I lived in the Muslim world for 10 years.
Partisan politics has no place in the classroom.
I speak Urdu quite a lot, too, and I read a lot of Persian.
Administering another country is always a very tricky proposition.
I think it's really unfortunate that academics have been sidelined in most important policy debates.
It's not proper for a professor to go before a class and promote one party or another. That's not academic scholarship.
I don't accept the argument of people like David Horowitz that the government should impose some sort of predetermined political balance on academic research.
Public interest in most of the Middle East was slight at that time; the Arab-Israeli conflict was all that people were interested in and that was not my specialty.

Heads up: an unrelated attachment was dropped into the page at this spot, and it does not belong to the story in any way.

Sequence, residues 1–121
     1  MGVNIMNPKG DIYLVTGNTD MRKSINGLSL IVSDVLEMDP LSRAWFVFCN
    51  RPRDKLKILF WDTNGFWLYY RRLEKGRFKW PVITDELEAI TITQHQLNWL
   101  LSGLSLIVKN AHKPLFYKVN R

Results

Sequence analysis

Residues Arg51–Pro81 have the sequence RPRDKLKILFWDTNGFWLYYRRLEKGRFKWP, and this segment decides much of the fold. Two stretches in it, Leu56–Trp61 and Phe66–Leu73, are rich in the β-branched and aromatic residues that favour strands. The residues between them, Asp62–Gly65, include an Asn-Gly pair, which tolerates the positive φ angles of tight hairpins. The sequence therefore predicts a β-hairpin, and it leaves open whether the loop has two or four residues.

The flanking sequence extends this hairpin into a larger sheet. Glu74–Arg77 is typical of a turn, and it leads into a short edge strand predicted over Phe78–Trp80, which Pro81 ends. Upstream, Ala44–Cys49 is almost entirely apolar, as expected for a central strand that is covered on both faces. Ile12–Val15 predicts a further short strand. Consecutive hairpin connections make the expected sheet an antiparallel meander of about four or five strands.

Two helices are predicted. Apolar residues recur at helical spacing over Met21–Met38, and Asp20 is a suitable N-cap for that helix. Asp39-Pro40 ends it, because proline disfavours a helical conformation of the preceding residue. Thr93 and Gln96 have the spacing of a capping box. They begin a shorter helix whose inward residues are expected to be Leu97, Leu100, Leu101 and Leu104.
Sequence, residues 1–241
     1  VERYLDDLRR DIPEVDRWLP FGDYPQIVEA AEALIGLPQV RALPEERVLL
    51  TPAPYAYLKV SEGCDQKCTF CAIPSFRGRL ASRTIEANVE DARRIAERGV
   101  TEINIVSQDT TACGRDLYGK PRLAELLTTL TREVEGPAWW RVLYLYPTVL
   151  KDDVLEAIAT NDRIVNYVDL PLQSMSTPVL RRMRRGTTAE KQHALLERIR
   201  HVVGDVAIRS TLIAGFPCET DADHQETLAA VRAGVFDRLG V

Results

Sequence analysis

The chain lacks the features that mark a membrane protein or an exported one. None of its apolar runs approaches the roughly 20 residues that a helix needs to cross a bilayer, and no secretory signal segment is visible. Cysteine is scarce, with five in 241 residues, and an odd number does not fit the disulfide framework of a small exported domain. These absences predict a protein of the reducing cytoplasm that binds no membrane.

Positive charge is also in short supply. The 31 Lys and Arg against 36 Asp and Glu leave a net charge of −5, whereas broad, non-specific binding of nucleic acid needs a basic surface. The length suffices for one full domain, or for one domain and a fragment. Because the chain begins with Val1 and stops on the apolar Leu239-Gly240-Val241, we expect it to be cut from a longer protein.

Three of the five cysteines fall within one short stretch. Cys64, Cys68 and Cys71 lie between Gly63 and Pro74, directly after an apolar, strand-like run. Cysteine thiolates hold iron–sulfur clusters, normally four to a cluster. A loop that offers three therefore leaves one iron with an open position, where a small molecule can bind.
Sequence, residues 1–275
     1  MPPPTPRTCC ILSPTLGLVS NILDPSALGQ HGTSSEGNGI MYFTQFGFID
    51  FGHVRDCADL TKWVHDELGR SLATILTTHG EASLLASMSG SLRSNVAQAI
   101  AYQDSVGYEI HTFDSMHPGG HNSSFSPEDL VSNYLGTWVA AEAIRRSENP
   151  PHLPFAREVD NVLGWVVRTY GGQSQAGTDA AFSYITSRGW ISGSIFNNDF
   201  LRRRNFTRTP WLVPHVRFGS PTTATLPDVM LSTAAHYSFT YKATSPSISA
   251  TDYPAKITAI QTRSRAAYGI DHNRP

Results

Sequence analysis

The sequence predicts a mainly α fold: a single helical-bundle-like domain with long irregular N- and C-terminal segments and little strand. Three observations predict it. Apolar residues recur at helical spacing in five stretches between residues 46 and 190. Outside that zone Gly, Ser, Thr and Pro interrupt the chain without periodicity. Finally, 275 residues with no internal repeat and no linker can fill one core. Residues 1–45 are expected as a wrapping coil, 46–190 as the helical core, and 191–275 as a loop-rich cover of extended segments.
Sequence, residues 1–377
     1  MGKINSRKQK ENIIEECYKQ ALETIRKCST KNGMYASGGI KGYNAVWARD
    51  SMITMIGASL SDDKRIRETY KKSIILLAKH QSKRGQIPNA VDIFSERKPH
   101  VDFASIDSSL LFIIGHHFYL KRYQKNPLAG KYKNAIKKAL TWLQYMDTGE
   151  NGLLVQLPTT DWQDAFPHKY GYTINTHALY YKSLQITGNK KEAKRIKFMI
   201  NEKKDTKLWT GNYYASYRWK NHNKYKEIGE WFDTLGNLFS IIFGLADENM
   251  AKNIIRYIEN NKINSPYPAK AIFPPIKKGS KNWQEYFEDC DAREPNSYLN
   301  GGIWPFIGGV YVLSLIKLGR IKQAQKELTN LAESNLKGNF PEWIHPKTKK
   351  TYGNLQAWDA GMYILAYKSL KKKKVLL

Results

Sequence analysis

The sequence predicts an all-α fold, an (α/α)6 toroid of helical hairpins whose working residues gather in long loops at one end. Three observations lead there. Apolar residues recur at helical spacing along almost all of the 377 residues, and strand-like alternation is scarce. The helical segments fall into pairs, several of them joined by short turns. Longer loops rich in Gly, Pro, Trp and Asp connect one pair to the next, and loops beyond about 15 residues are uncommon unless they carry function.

My main expertise is in the past, but if I have to extrapolate into the future, I would say: no good news any time soon and an obvious exit strategy is not apparent to me.
Take the decision in early March to arrest Muqtada al-Sadr. It was made apparently without knowledge or understanding of the nature of his movement or how widespread it is.